for they shall forecast devices against him; Antiochus, and those that assisted him with their counsels, formed schemes against Ptolemy, which succeeded: the loss of the battle was not owing to want of the necessary preparations for it; or to an insufficient number of men; or to a defect of military skill and courage; but to the treachery of his own courtiers and commanders, particularly Eulaeus and Lennaeeus to whom the blame was laid, and to the desertion of Ptolemy Macron; which is more clearly expressed in the following verse.

(w) See the Universal History, vol. 9. p. 280, 281.

And he shall stir up his power and his courage against the king of the south with a great army; and the king of the south shall be stirred up to battle with a very great and mighty army; but he shall not {b} stand: for they shall forecast devices against him.

(b) He will be overcome with treason.

EXEGETICAL (ORIGINAL LANGUAGES)
25. courage] lit. heart: cf. Joshua 2:11; Amos 2:16; Psalm 76:5.

the king of the south] Ptolemy Philometor.

shall be stirred up] shall stir himself up (Daniel 11:10).

a great army … a very great and mighty army] We have no independent evidence as to the relative size of the armies of Antiochus and Philometor. There is however no reason to suppose that the author would not represent correctly what had taken place only two or three years before he wrote.

but he shall not stand, for they shall devise devices against him] In spite of his superior army, Philometor could not maintain the contest, owing to the treachery of his adherents. We cannot say more particularly what is referred to: it is possible that the fortress of Pelusium, and Philometor himself, both fell into Antiochus’ hands by treachery.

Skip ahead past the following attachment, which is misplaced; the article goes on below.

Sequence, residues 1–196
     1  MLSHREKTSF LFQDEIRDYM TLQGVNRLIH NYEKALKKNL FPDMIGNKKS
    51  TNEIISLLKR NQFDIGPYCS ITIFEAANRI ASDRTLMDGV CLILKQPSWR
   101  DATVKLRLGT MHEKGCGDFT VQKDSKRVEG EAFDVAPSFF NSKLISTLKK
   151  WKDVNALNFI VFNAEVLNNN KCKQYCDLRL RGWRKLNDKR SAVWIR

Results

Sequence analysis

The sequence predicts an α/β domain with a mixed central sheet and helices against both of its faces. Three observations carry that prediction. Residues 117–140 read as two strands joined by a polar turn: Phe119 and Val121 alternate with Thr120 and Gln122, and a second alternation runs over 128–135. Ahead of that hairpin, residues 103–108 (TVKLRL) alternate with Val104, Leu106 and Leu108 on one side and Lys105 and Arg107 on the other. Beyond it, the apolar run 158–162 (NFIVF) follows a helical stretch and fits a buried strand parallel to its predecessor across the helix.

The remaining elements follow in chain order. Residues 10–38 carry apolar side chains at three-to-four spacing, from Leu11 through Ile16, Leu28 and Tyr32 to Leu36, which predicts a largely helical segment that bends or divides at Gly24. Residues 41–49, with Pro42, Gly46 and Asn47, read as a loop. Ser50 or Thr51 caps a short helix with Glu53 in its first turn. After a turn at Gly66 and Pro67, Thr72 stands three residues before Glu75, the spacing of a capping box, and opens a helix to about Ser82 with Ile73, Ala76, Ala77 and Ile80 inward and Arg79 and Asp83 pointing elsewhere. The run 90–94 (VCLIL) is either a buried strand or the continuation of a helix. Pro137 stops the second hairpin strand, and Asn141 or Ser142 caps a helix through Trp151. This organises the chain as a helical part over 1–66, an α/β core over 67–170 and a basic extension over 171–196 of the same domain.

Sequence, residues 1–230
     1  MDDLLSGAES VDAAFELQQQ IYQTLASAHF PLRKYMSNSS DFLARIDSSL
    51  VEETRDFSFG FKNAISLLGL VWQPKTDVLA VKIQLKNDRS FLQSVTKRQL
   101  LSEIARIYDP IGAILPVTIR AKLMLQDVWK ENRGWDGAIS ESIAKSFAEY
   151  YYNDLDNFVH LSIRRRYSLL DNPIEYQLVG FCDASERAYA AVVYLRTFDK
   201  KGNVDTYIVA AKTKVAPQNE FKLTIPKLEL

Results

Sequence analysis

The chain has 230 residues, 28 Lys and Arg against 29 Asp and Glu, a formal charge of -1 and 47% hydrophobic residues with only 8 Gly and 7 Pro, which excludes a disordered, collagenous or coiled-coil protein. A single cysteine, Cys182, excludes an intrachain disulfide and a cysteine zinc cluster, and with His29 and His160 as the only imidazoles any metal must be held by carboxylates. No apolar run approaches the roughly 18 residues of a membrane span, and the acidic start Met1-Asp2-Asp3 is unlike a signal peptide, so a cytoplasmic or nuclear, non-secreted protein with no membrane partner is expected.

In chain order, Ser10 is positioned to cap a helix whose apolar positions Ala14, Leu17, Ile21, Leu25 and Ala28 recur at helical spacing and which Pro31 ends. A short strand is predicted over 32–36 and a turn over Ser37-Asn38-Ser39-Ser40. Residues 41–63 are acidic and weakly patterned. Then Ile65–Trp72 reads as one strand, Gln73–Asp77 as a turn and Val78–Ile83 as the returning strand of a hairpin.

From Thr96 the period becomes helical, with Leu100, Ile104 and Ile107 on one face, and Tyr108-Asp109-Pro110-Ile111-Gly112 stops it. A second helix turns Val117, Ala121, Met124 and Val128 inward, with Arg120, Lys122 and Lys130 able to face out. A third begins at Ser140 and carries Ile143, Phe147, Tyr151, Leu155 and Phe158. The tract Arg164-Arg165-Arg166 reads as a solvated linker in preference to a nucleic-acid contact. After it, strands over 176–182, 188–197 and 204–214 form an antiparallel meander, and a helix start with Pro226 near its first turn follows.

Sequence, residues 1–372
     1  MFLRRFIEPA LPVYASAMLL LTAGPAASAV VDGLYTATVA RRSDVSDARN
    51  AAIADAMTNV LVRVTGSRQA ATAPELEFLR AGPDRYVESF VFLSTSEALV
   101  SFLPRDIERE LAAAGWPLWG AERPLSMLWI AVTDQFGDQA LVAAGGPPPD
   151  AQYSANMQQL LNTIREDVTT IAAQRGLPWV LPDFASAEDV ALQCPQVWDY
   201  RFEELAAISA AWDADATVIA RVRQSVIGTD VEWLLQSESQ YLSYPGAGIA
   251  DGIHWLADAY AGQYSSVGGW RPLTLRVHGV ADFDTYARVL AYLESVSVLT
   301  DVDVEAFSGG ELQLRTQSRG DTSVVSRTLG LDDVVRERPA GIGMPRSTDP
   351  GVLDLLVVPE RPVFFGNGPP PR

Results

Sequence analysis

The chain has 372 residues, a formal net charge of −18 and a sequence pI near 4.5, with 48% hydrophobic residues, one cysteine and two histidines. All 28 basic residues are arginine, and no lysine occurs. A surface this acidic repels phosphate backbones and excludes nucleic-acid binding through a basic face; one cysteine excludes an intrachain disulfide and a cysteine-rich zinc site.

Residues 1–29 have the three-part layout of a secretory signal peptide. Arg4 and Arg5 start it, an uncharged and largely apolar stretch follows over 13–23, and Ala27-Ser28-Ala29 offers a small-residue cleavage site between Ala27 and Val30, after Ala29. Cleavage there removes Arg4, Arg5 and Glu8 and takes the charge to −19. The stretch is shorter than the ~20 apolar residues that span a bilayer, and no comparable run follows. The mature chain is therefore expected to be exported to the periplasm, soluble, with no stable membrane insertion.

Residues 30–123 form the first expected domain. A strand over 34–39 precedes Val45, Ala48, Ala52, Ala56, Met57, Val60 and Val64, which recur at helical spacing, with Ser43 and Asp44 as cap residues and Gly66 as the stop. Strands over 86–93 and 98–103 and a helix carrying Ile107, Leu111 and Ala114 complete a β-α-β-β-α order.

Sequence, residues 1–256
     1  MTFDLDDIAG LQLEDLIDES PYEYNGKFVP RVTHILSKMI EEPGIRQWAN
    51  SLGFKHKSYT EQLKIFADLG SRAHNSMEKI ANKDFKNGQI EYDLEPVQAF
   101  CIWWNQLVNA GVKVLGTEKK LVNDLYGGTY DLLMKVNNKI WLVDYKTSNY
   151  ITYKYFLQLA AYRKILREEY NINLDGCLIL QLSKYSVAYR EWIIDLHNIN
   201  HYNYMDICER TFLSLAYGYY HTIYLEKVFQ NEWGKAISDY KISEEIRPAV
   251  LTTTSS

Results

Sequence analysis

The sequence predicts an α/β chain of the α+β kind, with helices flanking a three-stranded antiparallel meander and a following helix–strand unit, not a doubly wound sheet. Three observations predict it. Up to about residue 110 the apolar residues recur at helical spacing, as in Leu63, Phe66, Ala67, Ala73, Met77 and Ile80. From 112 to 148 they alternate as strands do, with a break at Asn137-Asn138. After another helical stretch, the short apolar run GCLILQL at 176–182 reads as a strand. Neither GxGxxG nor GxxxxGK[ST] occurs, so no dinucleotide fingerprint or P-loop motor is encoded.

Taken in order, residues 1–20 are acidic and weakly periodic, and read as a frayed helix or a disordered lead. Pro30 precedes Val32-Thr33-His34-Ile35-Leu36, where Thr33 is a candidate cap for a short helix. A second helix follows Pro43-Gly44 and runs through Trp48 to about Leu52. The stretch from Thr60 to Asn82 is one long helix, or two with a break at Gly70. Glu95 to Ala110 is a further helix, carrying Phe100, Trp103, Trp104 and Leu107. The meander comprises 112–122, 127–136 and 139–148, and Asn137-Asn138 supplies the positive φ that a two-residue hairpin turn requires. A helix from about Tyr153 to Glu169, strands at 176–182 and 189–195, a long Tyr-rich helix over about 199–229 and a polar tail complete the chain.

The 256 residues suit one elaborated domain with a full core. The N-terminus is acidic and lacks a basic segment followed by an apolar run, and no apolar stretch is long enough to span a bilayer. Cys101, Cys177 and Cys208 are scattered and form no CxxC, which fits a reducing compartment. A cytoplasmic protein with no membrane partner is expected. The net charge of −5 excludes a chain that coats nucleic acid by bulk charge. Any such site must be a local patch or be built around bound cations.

25–28. Antiochus’ first Egyptian expedition (b.c. 170).Verse 25. - And he shall stir up his power and his courage against the king of the south with a great army; and the king of the south shall be stirred up to battle with a very great and mighty army; but he shall not stand: for they shall forecast devices against him. The versions present no point of remark, save that, instead of "king of the south," the Septuagint has, as usual, "the King of Egypt." This is supposed to be a compendious account of the second of the wars waged by Epipbanes against Egypt; but it suits the first better. At this time the Romans had declared war against Perseus, King of Macedon, and Antiochus, finding that they did not conquer Macedon easily, regarded the opportunity a suitable one for assailing Egypt and wresting from Ptolemy Philometor Coele-Syria, which his father had given as dower with Cleopatra, his daughter. The state of Egypt presented an aspect eminently hopeful to an assailant. The court of Egypt was full of intrigue and treachery; the centre of intrigue was the brother of the king, Ptolemy, nicknamed Physeon. The king, Ptolemy, was young; his generals, however, took up the challenge, and set on the field a large army; but the army was defeated, and Antiochus advanced as far as Memphis. Ptolemy was taken prisoner by his uncle, and Physeon his brother ascended the throne. The defeat of Philometor was supposed to be largely due to treachery. In order that they may more certainly gain their object, they request the king to put the prohibition into writing, so that it might not be changed, i.e., might not be set aside or recalled, according to the law of the Medes and Persians, in conformity with which an edict once emitted by the king in all due form, i.e., given in writing and sealed with the king's seal, was unchangeable; cf. Daniel 6:15 and Esther 8:8; Esther 1:19. תעדּא לא דּי, which cannot pass away, i.e., cannot be set aside, is irrevocable. The relative דּי refers to דּת, by which we are not to understand, with v. Lengerke, the entire national law of the Medes and Persians, as if this were so unalterable that no law could be disannulled or changed according to circumstances, but דּת is every separate edict of the king emitted in the form of law. This remains unchangeable and irrevocable, because the king was regarded and honoured as the incarnation of deity, who is unerring and cannot change.